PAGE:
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Topic: Bootloader without turning pins on/off when booting up (Read 2 times) previous topic - next topic


How come the power supply is coming from an Android but the control signals from an Arduino?

That board uses optocouplers to drive the relays, pull downs would be a good bet but a schematic would be helpful.

Rob Gray aka the GRAYnomad www.robgray.com


"would it still allow me to program and send it over to the arduino through the IDE?"

"File:Upload Using Programmer" is part of the IDE.
It is just a different path for getting programs into the uC - instead of the Serial Rx/Tx pins, it uses the SPI pins.
You connect a AVR ISP to the board instead of using the onboard USB/Serial adapter.

After uploading the bootloader then can i switch back to the USB since my program sends commands/listens to the Arduino serial?


Nov 05, 2012, 05:19 pm Last Edit: Nov 05, 2012, 05:46 pm by retrolefty Reason: 1

Unless they are pulled to a safe level those pins are floating for a while after the board is powered up, they could then do anything and you relay board will follow suite. If the board uses any form of latched logic you are in trouble.

Do you have a schematic of the relay board?

Not true about the possibility of floating input condition. Most of those asian relay boards use a 'current loop' input through the optoisolators input led and are an active low input to turn on the relay (arduino output pin needs to be set to LOW to turn on a relay), so only a +5vdc wire (from the arduino) and a wire(s) from the arduino output pin(s) need to be wired to the relay board to operate the channels, no pull-up or pull-downs required and no arduino ground wire is needed to just operate the optoisolator channels. However the relay board itself does require +5vdc and ground to power the relay coils so if one is going to power the relay coils with the arduino's +5vdc voltage source then a ground is also required from the relay board to a arduino board. However that defeats the advantage of having optoisolators in the first place, so that is rather strange. However most of these relay boards I've seen have a jumper clip so that if the jumper is removed The arduino's +5vdc is not wired to the relay coil circuit but just to the optoisolators input led pins, so you are then free to use an external source of +5vdc voltage to provide power for the relay coil circuits and take full advantage of the isolation properties of the optoisolators.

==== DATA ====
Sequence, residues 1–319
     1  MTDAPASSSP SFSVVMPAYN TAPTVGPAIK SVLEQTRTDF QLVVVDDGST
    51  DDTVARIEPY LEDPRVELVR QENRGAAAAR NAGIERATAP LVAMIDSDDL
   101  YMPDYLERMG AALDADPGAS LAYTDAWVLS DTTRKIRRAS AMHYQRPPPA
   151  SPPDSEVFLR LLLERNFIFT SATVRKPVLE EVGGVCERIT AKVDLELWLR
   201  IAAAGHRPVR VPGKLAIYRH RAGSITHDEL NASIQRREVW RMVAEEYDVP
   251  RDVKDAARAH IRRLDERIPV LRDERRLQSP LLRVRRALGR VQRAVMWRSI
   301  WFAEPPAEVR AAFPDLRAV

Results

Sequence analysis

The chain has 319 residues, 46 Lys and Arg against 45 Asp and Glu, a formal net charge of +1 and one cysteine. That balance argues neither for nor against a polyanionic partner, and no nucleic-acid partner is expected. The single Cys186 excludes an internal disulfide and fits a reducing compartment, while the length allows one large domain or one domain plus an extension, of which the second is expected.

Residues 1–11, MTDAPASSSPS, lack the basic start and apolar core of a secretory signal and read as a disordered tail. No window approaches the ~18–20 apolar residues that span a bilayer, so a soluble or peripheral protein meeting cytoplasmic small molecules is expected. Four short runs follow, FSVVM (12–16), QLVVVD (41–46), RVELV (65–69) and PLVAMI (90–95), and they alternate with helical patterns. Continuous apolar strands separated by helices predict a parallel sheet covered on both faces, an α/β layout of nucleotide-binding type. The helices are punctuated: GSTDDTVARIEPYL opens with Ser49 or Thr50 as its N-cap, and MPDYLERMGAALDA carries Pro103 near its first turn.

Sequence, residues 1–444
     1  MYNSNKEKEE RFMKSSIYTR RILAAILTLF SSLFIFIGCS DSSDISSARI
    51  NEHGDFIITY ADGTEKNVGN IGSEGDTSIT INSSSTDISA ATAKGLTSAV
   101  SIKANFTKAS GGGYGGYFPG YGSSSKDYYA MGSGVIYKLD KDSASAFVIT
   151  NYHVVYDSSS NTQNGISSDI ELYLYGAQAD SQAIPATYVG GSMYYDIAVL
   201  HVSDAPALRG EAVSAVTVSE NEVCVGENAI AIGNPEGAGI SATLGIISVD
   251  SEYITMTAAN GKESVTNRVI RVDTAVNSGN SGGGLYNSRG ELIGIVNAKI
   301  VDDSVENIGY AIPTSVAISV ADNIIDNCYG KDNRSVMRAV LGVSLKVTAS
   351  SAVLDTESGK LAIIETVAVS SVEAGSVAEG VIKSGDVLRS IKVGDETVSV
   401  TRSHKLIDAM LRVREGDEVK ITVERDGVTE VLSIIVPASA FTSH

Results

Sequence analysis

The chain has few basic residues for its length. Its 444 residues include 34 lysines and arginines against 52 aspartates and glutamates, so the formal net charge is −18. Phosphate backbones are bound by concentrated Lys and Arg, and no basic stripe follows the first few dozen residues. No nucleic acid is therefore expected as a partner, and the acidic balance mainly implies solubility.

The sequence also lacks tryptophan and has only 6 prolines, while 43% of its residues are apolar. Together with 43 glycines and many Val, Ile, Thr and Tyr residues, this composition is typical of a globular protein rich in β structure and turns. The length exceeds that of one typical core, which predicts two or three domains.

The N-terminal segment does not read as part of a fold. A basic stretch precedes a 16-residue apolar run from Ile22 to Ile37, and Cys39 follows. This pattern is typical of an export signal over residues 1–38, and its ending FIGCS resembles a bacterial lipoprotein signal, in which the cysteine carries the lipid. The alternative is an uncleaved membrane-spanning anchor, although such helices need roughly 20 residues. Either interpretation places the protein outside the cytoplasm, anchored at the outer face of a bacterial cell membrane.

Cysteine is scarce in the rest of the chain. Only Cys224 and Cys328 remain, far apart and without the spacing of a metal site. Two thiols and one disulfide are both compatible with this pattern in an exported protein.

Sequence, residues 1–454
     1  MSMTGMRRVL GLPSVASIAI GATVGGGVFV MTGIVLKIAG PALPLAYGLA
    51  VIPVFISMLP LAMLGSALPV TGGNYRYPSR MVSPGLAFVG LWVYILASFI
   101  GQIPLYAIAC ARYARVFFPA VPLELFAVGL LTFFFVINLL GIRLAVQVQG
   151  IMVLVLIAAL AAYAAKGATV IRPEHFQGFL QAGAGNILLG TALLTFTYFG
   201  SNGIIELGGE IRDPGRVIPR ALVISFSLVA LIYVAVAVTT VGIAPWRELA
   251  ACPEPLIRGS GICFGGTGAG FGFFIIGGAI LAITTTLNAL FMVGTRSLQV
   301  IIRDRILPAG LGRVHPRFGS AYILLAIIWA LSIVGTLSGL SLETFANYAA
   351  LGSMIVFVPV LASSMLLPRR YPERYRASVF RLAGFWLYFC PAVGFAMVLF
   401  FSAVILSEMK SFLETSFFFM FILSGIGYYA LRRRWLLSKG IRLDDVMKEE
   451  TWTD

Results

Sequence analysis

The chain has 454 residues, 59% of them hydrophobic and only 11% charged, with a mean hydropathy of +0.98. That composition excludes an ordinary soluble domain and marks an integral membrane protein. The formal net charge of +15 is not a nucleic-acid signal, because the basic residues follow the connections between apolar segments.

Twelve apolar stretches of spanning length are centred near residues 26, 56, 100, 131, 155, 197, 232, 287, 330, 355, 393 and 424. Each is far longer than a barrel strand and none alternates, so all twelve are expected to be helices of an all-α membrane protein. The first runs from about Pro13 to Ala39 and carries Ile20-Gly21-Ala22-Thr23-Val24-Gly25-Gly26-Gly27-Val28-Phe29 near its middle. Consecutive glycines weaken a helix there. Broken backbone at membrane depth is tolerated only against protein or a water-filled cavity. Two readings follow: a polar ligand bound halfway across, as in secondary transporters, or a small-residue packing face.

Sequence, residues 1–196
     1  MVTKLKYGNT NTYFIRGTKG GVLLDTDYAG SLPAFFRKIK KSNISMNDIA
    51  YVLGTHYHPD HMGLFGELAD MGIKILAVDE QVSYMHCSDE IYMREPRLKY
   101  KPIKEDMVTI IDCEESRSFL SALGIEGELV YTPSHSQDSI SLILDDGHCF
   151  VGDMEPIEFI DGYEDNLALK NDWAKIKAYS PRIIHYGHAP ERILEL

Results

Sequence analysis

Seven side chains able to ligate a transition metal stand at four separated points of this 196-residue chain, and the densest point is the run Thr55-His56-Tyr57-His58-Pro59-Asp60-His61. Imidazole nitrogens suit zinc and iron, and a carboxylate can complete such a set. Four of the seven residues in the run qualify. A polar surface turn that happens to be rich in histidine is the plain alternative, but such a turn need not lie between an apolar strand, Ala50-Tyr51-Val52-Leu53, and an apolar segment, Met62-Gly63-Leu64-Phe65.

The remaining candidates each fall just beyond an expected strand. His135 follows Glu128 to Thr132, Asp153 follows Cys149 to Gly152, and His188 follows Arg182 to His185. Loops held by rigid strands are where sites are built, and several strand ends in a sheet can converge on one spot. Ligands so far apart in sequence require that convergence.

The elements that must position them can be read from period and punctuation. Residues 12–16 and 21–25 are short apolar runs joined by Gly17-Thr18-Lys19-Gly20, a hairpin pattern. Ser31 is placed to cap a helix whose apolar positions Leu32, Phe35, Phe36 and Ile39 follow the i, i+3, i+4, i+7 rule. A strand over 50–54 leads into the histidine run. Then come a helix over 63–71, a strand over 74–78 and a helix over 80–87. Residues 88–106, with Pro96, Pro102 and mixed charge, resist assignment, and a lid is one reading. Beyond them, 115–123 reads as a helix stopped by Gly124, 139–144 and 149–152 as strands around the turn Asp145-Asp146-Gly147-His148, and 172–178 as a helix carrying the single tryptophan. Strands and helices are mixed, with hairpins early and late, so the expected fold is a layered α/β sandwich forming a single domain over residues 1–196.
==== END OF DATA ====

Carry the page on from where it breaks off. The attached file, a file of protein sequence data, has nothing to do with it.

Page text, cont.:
Also if your going to be using the android's +5vdc to power the relay board then you must also connect the androids ground to the arduino ground for the opto input circuits to work properly, that is probably the source of your problems.

Here is a a typical asian relay board (a single channel version) which has a schematic drawing that should show better what I was trying to explain above.  http://www.ebay.com/itm/251061549983?ssPageName=STRK:MEWAX:IT&_trksid=p3984.m1423.l2649




"After uploading the bootloader then can i switch back to the USB since my program sends commands/listens to the Arduino serial?"
After  uploading your sketch via "File:Upload Using Programmer" your sketech will run the same as if you had uploaded in the  normal manner - so if it communicated with the PC before, it will continue to do so.
It will just not uoload sketches via the serial port, until you re-install a bootloader. It will start the sketch immediately after a reset.
Designing & building electrical circuits for over 25 years. Check out the ATMega1284P based Bobuino and other '328P & '1284P creations & offerings at  www.crossroadsfencing.com/BobuinoRev17.
Arduino for Teens available at Amazon.com.


Yes, so regardless of the voltages there will be no current flowing until the pins are set to outputs.

Rob Gray aka the GRAYnomad www.robgray.com

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